Cooking Classes


Pigeonneau Fermier Roti aux Epices Douces

This month we are going to the Oscars. Food can be associated with most movies in one way or another. I like the real hard-core food movies. The only movie, not only foodie movie, but the only movie I saw this year was the One Hundred Foot Journey. It was nominated for the Golden Globes but didn't meet Oscar competition.

Anyhoo, we are here to sit down and enjoy more wonderful food.

I made the 'oh so' elegant Pigeonneau Fermier Roti aux Epices Douces. Yes, this translates as pigeon. The culinary world has chosen a more appealing moniker of squab. Wouldn't we rather eat squab than pigeon? Pigeonneau is a young pigeon.

This recipe was the test for the young Indian chef to work with restaurateur Helen Mirren. He earned the restaurant a third Michelin star.

These restaurants were literally across the street from each other, hence, the one hundred foot journey. He left his family's Indian restaurant to serve haute cuisine and move his career forward.

The sauce with this dish is dazzling. This will be on my fine dinner 'go to' list of choice. And it you think you can forget the madeira, in one word, don't. The subtle sweetness adds another layer of complexity to the flavour.

I did not find pigeon and used pheasant as a substitute. It was delicious.

Into the Woods Bean Soup  with Jerry at A Life, Lived. Movie inspiration is, of course, Into the Woods.

Pimento Cheese Sandwiches from Shelby at Grumpy's Honeybunch. Movie inspiration is Shelby's all time favourite movie, The Help.

Cranberry Orange Trifle by Val at More Than Burnt Toast. The movie inspiration is The Queen with Helen Mirren. She is popular. She is also the leading actress in One Hundred Foot Journey.

Fontal Polenta with a Mushroom Saute is Sandi's contribution from The Whistlestop Cafe. Her movie inspiration is Eat, Pray, Love.

Pegonneau Fermier Rȏti aux Epices Douces

2 tablespoons butter
fine salt
freshly ground black pepper
Preheat oven to(400 °F). Melt the butter in a frying pan over high heat. Season pigeon halves with salt and pepper. Brown one side. Turn the halves over, and place the pan in the oven. Cook for 7 minutes.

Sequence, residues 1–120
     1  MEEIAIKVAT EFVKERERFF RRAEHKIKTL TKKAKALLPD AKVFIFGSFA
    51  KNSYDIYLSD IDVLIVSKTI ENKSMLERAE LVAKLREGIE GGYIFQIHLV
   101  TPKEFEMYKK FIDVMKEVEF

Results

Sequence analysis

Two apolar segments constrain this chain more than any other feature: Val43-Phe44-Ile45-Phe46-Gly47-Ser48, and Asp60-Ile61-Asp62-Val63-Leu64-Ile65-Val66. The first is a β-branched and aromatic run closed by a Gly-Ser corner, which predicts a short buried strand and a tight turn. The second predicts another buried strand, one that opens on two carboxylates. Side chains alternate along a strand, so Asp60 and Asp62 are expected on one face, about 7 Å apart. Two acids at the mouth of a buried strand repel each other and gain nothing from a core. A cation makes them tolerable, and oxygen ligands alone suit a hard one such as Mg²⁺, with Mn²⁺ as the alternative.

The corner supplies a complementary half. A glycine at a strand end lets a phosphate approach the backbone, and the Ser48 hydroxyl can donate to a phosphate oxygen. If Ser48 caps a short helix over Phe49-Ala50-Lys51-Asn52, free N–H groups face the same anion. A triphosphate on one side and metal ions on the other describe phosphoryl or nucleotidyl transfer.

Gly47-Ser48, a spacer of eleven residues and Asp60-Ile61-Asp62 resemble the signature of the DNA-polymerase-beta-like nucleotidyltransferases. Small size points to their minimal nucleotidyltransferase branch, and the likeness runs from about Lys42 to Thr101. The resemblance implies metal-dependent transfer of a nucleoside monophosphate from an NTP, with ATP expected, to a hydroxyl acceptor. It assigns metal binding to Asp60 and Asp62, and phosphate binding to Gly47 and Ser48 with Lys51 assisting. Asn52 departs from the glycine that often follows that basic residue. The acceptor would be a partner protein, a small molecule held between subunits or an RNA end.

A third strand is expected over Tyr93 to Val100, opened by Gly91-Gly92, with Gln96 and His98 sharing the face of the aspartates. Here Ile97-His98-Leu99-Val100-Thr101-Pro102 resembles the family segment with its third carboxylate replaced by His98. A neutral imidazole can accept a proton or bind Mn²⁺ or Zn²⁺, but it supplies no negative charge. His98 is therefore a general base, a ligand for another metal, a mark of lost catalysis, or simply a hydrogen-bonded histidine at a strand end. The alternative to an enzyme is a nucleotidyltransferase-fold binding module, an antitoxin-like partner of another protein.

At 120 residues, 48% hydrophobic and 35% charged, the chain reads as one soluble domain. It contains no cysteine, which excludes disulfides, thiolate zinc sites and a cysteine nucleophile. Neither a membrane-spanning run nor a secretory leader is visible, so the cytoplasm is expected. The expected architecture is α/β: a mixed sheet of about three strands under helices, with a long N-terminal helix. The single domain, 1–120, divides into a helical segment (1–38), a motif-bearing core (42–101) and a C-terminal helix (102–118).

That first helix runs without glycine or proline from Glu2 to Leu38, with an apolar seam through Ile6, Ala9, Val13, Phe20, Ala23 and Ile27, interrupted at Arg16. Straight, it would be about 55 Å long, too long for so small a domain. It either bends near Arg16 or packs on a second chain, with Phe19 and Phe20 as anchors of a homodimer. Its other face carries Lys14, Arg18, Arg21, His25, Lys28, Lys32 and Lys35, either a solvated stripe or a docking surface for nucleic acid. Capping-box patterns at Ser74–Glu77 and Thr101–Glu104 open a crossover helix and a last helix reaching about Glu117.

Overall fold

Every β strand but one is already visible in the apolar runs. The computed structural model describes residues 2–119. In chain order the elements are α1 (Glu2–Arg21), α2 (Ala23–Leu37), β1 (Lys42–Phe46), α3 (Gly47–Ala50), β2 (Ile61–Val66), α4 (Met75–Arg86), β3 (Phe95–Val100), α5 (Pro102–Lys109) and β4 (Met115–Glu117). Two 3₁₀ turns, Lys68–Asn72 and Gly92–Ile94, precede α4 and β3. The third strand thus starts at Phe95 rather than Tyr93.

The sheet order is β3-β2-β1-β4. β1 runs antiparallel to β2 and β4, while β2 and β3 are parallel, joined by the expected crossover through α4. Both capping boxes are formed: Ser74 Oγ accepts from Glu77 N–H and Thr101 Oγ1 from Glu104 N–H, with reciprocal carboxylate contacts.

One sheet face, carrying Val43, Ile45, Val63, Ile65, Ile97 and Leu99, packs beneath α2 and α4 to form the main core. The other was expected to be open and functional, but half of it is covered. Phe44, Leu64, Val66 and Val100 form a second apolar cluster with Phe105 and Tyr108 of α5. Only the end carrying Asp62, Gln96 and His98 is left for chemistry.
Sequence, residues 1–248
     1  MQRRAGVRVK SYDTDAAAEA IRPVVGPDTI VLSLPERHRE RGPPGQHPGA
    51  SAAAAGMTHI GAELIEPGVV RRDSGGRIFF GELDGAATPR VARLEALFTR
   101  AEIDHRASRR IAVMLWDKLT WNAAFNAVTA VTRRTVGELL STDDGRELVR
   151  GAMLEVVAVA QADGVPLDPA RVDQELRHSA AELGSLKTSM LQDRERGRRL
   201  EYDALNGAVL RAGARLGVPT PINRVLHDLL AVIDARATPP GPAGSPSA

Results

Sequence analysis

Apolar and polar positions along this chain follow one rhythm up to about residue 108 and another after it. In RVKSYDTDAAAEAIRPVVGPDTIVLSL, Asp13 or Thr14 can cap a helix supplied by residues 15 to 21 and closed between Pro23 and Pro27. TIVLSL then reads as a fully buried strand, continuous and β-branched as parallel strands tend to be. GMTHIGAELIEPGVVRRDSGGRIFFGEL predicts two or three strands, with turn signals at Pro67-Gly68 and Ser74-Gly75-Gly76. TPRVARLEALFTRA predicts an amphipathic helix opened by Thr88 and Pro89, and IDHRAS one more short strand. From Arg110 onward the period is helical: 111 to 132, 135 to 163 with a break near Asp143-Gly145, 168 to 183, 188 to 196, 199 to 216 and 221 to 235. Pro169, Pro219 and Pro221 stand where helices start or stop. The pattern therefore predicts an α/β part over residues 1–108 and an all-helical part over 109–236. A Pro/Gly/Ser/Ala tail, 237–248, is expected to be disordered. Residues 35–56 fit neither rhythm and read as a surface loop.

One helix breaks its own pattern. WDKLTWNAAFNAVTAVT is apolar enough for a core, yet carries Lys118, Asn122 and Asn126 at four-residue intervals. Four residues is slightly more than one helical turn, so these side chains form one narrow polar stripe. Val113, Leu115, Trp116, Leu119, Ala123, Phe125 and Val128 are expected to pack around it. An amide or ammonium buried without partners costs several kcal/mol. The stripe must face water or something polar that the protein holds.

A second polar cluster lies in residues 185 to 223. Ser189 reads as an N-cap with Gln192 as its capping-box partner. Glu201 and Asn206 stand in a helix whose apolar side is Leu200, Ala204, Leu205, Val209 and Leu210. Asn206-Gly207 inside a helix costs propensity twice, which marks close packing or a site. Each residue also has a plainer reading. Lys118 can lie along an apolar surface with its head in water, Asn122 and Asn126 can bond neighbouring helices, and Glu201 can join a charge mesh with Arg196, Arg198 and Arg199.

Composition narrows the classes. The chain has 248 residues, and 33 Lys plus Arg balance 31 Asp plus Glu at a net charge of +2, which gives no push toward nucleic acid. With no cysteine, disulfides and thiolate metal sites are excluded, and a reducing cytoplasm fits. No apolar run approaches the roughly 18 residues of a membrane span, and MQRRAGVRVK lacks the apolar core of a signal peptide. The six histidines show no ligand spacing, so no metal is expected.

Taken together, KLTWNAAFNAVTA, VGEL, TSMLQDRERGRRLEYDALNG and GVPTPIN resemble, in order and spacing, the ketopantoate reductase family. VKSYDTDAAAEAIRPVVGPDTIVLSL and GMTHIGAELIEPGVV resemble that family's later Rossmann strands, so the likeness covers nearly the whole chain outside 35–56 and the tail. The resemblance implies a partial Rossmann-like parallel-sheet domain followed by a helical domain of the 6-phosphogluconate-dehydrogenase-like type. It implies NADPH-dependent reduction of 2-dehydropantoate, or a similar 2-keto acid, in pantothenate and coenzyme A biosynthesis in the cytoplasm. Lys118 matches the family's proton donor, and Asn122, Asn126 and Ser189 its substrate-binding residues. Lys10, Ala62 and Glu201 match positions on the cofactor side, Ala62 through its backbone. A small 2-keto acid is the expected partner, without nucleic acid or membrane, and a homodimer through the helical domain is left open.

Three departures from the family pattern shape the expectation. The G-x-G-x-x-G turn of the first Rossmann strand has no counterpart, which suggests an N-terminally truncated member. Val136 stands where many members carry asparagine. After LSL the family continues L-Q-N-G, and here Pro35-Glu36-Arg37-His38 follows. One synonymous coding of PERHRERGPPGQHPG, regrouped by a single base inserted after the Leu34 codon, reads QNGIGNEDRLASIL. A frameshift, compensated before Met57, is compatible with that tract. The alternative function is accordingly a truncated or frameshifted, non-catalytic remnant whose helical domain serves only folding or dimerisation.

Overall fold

Place the baked pigeon halves on a plate, tent with foil, and set aside to rest for five minutes. While the pigeon is resting, continue to reduce the sauce until thickened. Taste the sauce and season with salt, as required. Also, place the serving plates with the vegetables in the oven for a couple of minutes until the vegetables are reheated.
When the meat has rested, slice each half on the bias in four places. Arrange the pigeon slices on the serving plates. Top with the reduced sauce.

Sauce de Pigeonneau
1 small shallot, minced
1 tablespoon butter
100 milliliters Madeira wine
150 to 200 milliliters fond de pigeonneau
Fond du Pigeonneau
bones from 2 young pigeons (squabs)
1 plum tomato, seeded and chopped
1/2 white onion, chopped
1 small carrot, peeled and chopped
1/2 stalk celery, peeled and chopped
Preheat oven to 260 °C (500 °F). Scatter the reserved bones in a baking dish and bake for 15 minutes.
Scatter the vegetables over the bones and bake for an additional 15 minutes.
Transfer the cooked bones and vegetables to a saucepan. Add some water to the roasting pan and deglaze over heat. When all the caramelized partials are loose, transfer them along with the water to the saucepan.
Add sufficient water to the saucepan to cover the bones plus another 50 percent. Bring the water to a boil. Reduce heat to simmer. Simmer the contents for about 2 hours until the liquid is reduced by half. Skim any scum that forms on the surface. When reduced, strain the stock through a strainer and then through a chinois. Check the volume of the stock. If it is greater than about 200 milliliters, reduce further. Refrigerate strained stock until needed. Remove and discard any fat that congeals during cooling.
Sweat the shallot in butter in a saucepan over low heat.
Add the Madeira wine and reduce almost totally. Add the fond de pigeonneau and reduce substantially. Strain and return the sauce to the saucepan. Finish reducing the sauce per the main recipe.


  1. Helen Mirren is definitely my favourite actor. I also loved the movie you have chosen even if the book has a somewhat different ending. AS for the dish…thanks for bringing it to the table Sarah!!

  2. Wow! I'm impressed by this dish! The preparation of the sauce for the fowl is a nd rich! ew technique by me. It looks so deep and rich. I haven't seen this movie, but am intrigued by it! Helen Mirren is such a fine actress.

  3. Replies
    1. Thanks, Sage. Welcome to my blog. I think this is the first time you have left a comment.


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